Ag retail supply chain disruptions likely


By Mark Dorenkamp, Brownfield 

March 18, 2020


An extension soybean specialist does not want farmers underestimating the impact COVID-19 could have throughout the supply chain.


Seth Naeve with the University of Minnesota says disruptions are likely.


“It’s like the old thing where you just flip the switch and the lights come on, you turn the water tap and the water comes out. We expect the mail to be there and we expect our chemicals to be delivered. We expect the FSA office to be open, all this stuff is just supposed to happen. And a lot of that stuff is just not going to happen at the same rate that it was before.”


He tells farmers to expect the unexpected...


more, including audio [14:31 min.]



COVID-19’s Long Tail for Crop Protection Supplies


Margy Eckelkamp, FarmJournal's Pork

March 17, 2020


The COVID-19 pandemic has exposed some vulnerabilities in the crop protection market. We reported on concerns about supplies of active ingredients from China in early March.


Today, crop protection leaders, such as Brian Cardin at UPL, are reporting varying degrees of impact to the global supply chain in general.


“We’re fully stocked and are strong being back integrated—even through intermediaries,” he says. “For us, it’s business as usual—we don’t have any disruption in supply. We’re fortunate in that regard, and long-term that’s a competitive advantage we’ll have.”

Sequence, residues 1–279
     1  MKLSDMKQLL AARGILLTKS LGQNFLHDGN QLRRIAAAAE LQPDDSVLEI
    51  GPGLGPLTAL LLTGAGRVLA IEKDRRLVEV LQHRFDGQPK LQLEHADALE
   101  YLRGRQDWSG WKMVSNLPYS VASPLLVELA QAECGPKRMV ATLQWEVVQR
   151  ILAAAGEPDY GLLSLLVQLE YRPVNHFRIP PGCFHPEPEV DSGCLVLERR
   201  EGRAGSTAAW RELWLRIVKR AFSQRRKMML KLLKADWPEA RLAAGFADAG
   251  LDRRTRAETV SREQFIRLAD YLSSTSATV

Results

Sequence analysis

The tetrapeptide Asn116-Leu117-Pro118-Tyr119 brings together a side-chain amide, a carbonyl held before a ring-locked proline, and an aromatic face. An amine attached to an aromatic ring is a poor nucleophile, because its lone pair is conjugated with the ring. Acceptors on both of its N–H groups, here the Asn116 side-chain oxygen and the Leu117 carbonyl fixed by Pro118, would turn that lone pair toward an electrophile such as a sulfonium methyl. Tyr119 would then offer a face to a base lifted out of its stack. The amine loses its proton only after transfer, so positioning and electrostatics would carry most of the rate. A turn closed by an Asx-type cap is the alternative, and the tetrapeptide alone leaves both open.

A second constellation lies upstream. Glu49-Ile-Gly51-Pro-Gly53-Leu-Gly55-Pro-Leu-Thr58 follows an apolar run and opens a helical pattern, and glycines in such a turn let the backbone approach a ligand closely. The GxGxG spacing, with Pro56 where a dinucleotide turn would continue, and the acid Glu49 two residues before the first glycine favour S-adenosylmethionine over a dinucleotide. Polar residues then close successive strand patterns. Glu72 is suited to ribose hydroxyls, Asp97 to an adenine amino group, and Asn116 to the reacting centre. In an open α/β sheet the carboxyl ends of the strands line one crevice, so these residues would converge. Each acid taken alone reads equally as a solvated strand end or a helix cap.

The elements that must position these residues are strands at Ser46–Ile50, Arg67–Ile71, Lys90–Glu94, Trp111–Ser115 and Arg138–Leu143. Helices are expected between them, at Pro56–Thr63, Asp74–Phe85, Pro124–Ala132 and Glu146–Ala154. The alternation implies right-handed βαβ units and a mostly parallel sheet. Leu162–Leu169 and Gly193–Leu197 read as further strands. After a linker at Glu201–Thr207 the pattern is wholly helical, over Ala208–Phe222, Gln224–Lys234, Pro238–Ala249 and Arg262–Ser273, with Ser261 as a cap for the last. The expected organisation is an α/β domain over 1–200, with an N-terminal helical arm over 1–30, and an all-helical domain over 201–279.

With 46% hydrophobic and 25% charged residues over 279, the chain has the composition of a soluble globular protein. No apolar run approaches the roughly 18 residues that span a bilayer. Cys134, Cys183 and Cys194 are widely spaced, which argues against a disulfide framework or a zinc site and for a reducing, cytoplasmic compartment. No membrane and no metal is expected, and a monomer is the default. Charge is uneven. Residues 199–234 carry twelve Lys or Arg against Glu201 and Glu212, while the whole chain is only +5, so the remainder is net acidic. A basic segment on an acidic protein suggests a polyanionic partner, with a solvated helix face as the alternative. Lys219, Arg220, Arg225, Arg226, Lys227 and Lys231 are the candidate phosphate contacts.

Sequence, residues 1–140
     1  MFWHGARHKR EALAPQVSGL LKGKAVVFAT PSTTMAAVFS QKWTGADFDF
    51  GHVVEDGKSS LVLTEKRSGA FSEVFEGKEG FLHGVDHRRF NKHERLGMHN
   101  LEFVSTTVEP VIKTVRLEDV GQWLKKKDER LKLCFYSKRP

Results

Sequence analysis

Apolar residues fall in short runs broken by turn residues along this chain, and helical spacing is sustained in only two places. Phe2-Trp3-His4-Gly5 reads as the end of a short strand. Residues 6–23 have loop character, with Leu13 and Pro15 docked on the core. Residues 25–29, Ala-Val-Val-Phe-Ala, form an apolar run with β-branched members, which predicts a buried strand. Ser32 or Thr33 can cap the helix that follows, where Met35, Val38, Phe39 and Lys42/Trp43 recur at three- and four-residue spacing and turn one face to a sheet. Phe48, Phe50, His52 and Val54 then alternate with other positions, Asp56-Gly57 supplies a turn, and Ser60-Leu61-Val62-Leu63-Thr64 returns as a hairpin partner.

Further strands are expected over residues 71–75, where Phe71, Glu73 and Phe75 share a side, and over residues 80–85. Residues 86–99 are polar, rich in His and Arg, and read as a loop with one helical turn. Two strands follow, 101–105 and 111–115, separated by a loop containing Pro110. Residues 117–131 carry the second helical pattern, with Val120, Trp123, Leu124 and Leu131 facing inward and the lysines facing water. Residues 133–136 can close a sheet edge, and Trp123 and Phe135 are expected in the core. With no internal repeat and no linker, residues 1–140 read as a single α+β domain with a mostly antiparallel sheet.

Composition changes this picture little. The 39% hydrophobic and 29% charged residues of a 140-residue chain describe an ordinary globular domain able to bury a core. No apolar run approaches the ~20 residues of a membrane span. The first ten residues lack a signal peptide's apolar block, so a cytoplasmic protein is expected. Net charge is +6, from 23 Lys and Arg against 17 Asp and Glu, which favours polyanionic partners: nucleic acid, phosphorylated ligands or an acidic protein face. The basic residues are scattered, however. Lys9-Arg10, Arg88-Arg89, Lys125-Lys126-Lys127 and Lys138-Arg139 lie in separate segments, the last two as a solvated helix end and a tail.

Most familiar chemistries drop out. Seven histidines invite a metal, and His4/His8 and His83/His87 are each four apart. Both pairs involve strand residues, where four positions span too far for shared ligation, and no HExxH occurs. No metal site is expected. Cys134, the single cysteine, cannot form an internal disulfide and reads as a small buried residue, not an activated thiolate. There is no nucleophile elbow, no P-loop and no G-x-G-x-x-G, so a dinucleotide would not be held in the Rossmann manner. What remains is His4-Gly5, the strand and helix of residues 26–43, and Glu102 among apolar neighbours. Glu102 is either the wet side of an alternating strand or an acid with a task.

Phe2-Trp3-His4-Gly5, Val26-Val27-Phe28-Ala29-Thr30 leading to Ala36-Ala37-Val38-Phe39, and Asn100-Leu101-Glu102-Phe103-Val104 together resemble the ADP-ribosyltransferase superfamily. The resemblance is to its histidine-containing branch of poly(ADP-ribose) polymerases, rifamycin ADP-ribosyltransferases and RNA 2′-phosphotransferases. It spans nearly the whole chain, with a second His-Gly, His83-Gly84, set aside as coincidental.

The company manufactures most of its material in India and Europe, which to date he reports has had little impact due to COVID-19.


However, there are two longer-term effects Cardin is watching.


“I’m a bit more concerned about the logistics in the U.S.,” he says. “Right now, it’s tough to move product west as the back-haul opportunities for trucks are limited.”


He also shares that what we are experiencing today could have implications later this season and next spring.


“If I was on the retail side, I wouldn’t wait regarding supply, particularly for key products. I believe the logistics of those could be impacted later in the season—but at this point, I don’t know to what degree,” he says.


Cardin has watched the trend increase for the industry to keep supplies tighter, but depending on factors out of our control, such as the weather and logistical snags, farmers could be left with fewer choices in the future.


“The biggest thing that could impact all of us is the industry’s desire to draw down inventories. If everyone plants in a week or two weeks, then we’ve just got to be aware of the impact, and be ready to be proactive,” he says.


What’s the lesson going forward? ...